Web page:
Saturday, October 27, 2007

Hello Again

Yesterday Adriana and Thomas returned with several from our group to the Baguio City Jail. Adriana was looking forward to seeing a lady she had befriended in a previous visit. She was so excited when Marianne walked in. They sat and talked through the whole service. Adriana is such an encouragement to her but Adriana struggled with wanting to do more for her but not being able to.

We were treated to Pizza Hut and Pepsi for supper. Such comfort food for us Americans (and Canadians too.) Our girls are looking forward to eating macaroni and cheese when we return to the States. Cheese, and milk for that matter, is scarce in this part of the world.

This morning Thomas was sick in bed again. There seems to be a cycle of fever, nausea and diarrhea that continues to plague him. While he rested, the rest of us returned to Grandma Perry's Children's Home. It was fun to be able to play with the children at this small orphanage again. Little Sandra spent almost the whole time in my arms. She even fell asleep on my lap.

We were hoping to include pictures from the orphanage, but didn't have time to compress them first. Now we need to run to catch our ride to dinner and they haven't uploaded yet. Perhaps tomorrow.

Friday, October 26, 2007

Thursday, October 25, 2007

Back to Baguio!

Today we packed up and headed back to Baguio where we will spend several days before beginning the journey to the USA. Everybody made many friends in Bontoc. We enjoyed the Bontoc YWAM staff, the students in the Student Sponsorship Ministry, and the Tribal DTS students. My family was blessed by the care we received. More than once the young ladies associated with the base have taken our girls to the local playground for some fun and the market where quite often they enjoyed a pancake snack together.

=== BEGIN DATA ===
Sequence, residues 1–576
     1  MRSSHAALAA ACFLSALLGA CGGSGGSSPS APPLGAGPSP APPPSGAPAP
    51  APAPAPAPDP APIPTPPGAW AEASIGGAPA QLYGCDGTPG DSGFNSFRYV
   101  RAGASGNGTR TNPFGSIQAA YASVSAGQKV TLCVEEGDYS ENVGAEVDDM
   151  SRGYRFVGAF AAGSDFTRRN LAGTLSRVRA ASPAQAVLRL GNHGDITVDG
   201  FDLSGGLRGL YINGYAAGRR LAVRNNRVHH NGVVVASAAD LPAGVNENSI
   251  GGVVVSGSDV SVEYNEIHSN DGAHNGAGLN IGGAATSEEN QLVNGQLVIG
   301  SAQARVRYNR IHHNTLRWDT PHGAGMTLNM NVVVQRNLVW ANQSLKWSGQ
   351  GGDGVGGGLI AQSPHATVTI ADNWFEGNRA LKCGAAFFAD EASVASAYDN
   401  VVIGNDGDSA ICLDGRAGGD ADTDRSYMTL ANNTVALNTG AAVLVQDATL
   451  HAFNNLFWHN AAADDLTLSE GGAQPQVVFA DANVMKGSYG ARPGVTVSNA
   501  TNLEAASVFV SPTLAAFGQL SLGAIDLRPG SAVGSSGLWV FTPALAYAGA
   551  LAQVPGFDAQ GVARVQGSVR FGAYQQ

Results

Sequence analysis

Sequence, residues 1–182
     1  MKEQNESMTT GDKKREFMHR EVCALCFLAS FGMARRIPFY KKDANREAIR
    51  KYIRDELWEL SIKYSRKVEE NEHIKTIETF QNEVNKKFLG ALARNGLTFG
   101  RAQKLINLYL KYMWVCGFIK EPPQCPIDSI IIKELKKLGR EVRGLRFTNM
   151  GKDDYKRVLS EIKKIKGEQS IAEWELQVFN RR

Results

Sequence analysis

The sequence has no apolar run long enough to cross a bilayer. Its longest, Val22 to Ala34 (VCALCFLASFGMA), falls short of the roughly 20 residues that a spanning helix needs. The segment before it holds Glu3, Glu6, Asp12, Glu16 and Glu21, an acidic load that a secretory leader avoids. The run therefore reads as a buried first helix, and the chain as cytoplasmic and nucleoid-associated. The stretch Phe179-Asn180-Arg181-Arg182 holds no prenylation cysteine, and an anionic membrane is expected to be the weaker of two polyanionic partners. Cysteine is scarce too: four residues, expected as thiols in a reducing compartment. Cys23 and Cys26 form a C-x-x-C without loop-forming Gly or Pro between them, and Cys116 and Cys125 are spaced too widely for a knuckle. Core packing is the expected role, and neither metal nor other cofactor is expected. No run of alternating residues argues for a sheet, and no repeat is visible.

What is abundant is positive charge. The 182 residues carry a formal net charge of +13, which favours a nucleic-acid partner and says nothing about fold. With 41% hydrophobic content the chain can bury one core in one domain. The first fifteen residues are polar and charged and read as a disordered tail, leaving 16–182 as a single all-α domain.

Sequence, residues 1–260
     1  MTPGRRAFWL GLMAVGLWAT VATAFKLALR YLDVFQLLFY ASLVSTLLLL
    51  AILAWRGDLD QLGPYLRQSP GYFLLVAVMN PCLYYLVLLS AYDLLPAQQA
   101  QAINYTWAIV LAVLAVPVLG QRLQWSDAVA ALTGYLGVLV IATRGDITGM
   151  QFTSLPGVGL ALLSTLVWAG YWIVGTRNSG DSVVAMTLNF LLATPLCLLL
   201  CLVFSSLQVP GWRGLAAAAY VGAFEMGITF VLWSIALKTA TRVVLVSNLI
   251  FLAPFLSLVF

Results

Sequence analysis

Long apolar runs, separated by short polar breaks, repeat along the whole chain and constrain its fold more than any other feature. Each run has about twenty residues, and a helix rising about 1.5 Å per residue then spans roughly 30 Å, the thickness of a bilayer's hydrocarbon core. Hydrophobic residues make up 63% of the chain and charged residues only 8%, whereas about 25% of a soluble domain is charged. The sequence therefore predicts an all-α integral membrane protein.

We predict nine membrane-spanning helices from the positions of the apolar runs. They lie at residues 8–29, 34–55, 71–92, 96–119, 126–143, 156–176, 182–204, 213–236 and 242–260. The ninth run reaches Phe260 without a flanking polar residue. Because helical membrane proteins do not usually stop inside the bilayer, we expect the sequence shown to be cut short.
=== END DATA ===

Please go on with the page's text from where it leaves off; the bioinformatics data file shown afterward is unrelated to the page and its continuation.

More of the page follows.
The trip was joyfully uneventful and we made it to Baguio before dinner time.
p.s. We are sorry for the delay. We were very busy in Bontoc. When we got to Baguio yesterday, we were just logging onto the computer at the internet cafe when our part of the city lost power.

Wednesday, October 24, 2007

Lisa was blessed by the opportunity to meet with her friends from Caneo, Susan and Cheryl, after lunch. They had come into town to deliver woven goods, some which people from our group had ordered while in the village. She enjoyed seeing them again, but wished that she was not so dependent on a translator.

In the afternoon, Lisa and I facilitated team building training to the Bontoc YWAM staff and students. It was a fun time as we watched them work out the challenges presented to them. They did a good job, but once again, we wished we were fluent in Ilokano so we could understand what they were saying as they worked through each activity. We talked about it afterward in English, but during the activity the discussion was all in Ilokano. Rufina, the base director’s wife, wanted the team to go through the training. In this way they could grow as a team and learn to use the activities for future presentations.

In the evening we hosted a presentation on the steps of the Municipal Hall. A divine appointment made it possible for us to obtain the necessary permit. It was great to be able to have an evangelistic outreach to the people of the community. I was able to pray with a boy as he accepted Jesus as his Savior. It was wonderful. I also spent time with a group of boys as we talked about God’s love for each of them. It was a good way to close our time in Bontoc.



Tuesday, October 23, 2007